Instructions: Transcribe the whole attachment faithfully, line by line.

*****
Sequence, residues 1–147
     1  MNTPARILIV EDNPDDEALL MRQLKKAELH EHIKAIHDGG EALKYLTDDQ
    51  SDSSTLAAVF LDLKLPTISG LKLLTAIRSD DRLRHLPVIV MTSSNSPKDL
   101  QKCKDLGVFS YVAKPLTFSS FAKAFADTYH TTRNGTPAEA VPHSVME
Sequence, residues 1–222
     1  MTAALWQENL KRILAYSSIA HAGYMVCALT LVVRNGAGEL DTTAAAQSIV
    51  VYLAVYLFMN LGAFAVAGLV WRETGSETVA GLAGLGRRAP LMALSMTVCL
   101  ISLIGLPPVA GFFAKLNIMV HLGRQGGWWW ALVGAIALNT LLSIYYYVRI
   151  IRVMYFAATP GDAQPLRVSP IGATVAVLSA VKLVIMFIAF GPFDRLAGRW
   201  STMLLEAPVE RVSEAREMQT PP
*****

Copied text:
Sequence, residues 1–147
     1  MNTPARILIV EDNPDDEALL MRQLKKAELH EHIKAIHDGG EALKYLTDDQ
    51  SDSSTLAAVF LDLKLPTISG LKLLTAIRSD DRLRHLPVIV MTSSNSPKDL
   101  QKCKDLGVFS YVAKPLTFSS FAKAFADTYH TTRNGTPAEA VPHSVME
Sequence, residues 1–222
     1  MTAALWQENL KRILAYSSIA HAGYMVCALT LVVRNGAGEL DTTAAAQSIV
    51  VYLAVYLFMN LGAFAVAGLV WRETGSETVA GLAGLGRRAP LMALSMTVCL
   101  ISLIGLPPVA GFFAKLNIMV HLGRQGGWWW ALVGAIALNT LLSIYYYVRI
   151  IRVMYFAATP GDAQPLRVSP IGATVAVLSA VKLVIMFIAF GPFDRLAGRW
   201  STMLLEAPVE RVSEAREMQT PP